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J&K 4G call to fight coronavirus

Parts of Kashmir were under lockdown after a 67-year-old Srinagar woman tested positive on Wednesday night
Medical workers talk to residents during the door to door campaign to check any possible contact with the woman, who tested positive to the coronavirus after recently arriving from Saudi Arabia, in Srinagar on Thursday.
Medical workers talk to residents during the door to door campaign to check any possible contact with the woman, who tested positive to the coronavirus after recently arriving from Saudi Arabia, in Srinagar on Thursday.

Muzaffar Raina   |   Srinagar   |   Published 19.03.20, 09:26 PM

Global rights watchdog Amnesty International on Thursday sought the restoration of high-speed 4G Internet services in Jammu and Kashmir, saying it would enable the region’s people to better fight the novel coronavirus.

A day after the Valley recorded its first confirmed case, Amnesty said the people of Jammu and Kashmir had the right to stay informed of the threat to their health and the measures taken to mitigate the risks, and to receive early warning of possible future consequences.

National Conference president Farooq Abdullah has said he has written to Prime Minister Narendra Modi seeking the return of 4G services without which, he said, the advisory to work and study from home was unfeasible.

Many others too have voiced the same demand, among them Iltija Mufti, daughter of the jailed former chief minister Mehbooba Mufti.

Parts of Kashmir, however, were under a lockdown on Thursday after a 67-year-old Srinagar woman who had returned from Saudi Arabia on March 16 tested positive on Wednesday night.

The news sparked panic and prompted the authorities to order restrictions on the movement of people and vehicles. Security forces were deployed in strength to impose the curbs. So far, three have tested positive in Jammu and eight in Ladakh, including a soldier and four members of his family.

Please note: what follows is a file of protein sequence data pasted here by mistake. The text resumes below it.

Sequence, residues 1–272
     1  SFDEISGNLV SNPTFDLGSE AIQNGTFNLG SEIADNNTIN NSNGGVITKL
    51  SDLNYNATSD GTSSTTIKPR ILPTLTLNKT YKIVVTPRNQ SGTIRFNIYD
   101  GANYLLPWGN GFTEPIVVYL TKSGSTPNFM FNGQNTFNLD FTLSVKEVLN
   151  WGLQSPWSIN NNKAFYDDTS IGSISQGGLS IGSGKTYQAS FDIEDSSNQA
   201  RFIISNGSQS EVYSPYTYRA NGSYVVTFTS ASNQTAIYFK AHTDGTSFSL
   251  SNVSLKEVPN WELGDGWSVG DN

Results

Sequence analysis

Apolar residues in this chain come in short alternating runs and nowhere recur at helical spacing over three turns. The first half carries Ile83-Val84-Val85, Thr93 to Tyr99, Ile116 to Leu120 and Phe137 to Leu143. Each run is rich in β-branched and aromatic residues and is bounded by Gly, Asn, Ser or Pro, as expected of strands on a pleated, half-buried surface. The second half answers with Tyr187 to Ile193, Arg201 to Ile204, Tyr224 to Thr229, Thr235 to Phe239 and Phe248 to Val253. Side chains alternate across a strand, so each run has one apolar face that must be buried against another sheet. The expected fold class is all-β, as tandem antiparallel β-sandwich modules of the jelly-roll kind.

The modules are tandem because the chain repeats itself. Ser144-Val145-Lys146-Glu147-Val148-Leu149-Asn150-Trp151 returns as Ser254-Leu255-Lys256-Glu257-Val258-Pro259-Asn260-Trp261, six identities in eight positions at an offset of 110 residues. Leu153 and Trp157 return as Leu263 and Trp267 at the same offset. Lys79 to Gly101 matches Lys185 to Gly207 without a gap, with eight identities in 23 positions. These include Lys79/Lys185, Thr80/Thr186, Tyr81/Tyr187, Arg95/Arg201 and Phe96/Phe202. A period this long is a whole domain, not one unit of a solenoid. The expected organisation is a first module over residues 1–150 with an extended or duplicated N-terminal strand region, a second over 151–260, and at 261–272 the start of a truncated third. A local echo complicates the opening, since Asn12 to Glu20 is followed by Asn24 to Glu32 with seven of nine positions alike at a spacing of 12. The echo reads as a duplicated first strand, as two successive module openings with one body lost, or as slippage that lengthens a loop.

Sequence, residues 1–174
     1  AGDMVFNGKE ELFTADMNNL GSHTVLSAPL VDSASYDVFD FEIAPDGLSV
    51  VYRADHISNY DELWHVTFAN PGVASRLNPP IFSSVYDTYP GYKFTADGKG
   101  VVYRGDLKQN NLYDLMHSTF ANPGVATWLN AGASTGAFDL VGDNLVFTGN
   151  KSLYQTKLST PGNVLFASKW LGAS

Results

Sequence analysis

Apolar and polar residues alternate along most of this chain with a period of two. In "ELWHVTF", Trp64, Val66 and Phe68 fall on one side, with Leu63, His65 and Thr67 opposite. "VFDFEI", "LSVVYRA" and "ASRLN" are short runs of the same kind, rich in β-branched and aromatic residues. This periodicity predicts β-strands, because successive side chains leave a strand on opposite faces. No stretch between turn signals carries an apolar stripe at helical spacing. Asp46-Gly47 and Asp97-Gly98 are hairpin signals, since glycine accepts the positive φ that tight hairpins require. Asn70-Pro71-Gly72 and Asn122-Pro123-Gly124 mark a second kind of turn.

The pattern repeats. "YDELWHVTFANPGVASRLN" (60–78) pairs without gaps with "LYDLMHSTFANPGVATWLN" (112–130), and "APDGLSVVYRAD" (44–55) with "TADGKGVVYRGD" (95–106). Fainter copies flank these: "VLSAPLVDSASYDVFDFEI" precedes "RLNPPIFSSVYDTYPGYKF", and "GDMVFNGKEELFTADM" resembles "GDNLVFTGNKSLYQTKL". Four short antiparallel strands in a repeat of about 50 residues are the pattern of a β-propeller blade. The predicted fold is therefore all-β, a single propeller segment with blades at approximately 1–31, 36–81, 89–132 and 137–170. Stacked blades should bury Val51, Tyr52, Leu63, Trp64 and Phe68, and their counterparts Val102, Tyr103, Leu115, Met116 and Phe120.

In parts of Kashmir, many people stayed home on Thursday and shops and offices remained shut as a precaution. Unlike the past, when people would oppose any government restrictions, many social media users backed the initiative to prevent the disease spreading.

Officials said the woman had returned from Saudi Arabia after performing the Umrah, a minor pilgrimage. A large number of friends and relatives visited the family thereafter in keeping with the custom of receiving pilgrims, and tracking them all has become a challenge for the administration.

A government spokesperson said 21 medical teams had held house-to-house inspections within a radius of 300 metres around the woman’s house.

The Vaishnodevi shrine in Jammu has been closed and the entry of foreign tourists and inter-state buses banned.

Amnesty’s appeal came two days after the government extended the ban on high-speed Internet to March 26 to “prevent misuse of social media applications” and following “recent terror activities” in the region.

The rights watchdog said that “unwarranted restrictions on content and dissemination of information only stands to add to the panic” around the pandemic.

“The situation in relation to the coronavirus is constantly evolving. To ensure its full communication to the people… (the government) must urgently lift Internet restrictions… and ensure real-time preparedness of the people,” Amnesty International India head Avinash Kumar said.

“The responses to the coronavirus cannot be based on human rights violations and a lack of transparency and censorship. Human rights approach must be at the centre of all prevention, preparedness, containment, and treatment efforts to protect public health and support the most vulnerable groups.

“The right to health, as guaranteed under the Universal Declaration of Human Rights, provides for the right to access healthcare. Access to health-related information is also a crucial part of the right to health.”

Farooq’s letter to Modi said: “The people are being advised to work/study from home, but this is impossible with 2G Internet speed and limited fixed-line Internet penetration. I would, therefore, request you to restore 4G Internet services in Jammu and Kashmir at the earliest….”

Iltija regretted that the world was battling the coronavirus but “J&K admin still unrelenting & refuses to lift inhuman ban on 4G”.

“In times of Covid pandemic, access to Internet & info is a necessity not a privilege. Are Kashmiri lives so cheap?” she wrote on her mother’s Twitter handle.

Internet services were suspended in Jammu and Kashmir on August 5 last year along with the revocation of the erstwhile state’s special status. Recently, 2G services were restored.

The government has ordered a probe into how four foreign tourists, including two Italians, had entered the Valley on Wednesday. Officials said all four were being sent back.

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